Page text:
Reading in Calculus Class
One classroom activity I struggle to make time for is reading. As an activity that can be done on one’s own, I generally feel that reading is not an especially productive use of class time. That being said, I do try to make space for it on occasion: it’s a nice change-up from routine, good material can make for a good discussion, and students of all ages seem to enjoy being read to, by teachers or by peers.
Finding appropriate reading material for a math class can be difficult, but Steven Strogatz’s excellent book, “The Calculus of Friendship,” was a great fit for my calculus class. The book is part memoir, part homage, and part introduction to advanced calculus. As such, it offers a readable balance of engaging narrative and challenging mathematics.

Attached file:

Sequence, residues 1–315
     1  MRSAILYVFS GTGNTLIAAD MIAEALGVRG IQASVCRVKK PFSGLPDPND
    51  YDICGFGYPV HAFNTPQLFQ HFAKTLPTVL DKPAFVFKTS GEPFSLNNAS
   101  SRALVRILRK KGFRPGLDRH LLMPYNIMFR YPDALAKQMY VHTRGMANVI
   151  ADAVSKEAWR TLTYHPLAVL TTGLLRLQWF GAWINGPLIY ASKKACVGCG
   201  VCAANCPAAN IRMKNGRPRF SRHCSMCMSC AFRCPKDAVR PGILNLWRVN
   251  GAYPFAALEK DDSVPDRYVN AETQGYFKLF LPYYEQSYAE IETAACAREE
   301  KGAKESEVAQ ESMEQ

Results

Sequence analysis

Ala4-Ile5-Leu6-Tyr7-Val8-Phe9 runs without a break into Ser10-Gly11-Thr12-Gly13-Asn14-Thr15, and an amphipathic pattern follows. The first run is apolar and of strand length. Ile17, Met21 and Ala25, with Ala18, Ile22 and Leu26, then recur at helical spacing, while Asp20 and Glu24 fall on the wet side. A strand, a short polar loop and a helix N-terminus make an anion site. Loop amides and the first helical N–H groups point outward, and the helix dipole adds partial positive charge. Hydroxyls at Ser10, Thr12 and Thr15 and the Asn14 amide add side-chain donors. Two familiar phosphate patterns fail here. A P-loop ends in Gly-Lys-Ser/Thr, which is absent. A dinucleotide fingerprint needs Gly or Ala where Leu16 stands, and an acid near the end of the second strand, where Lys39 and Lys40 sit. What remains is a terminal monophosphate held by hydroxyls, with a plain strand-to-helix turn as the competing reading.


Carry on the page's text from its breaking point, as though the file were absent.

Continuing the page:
As a class, we enjoyed reading together about Strogatz’s mathematical journeys as told through personal narrative, letters to and from his former teacher, and the presentation of some particularly interesting math problems. We also enjoyed working through some of the more advanced mathematical material presented in the book, like Fourier Series and differential equations.
It was time well-spent with my senior class. While giving them a little taste of what might lie ahead, it also prompted some reflection on where they had been, and it all happened in the framework of some great mathematics.
And who knows: now that the idea is planted, maybe I’ll become involved in a fruitful mathematical correspondence with one of my students someday!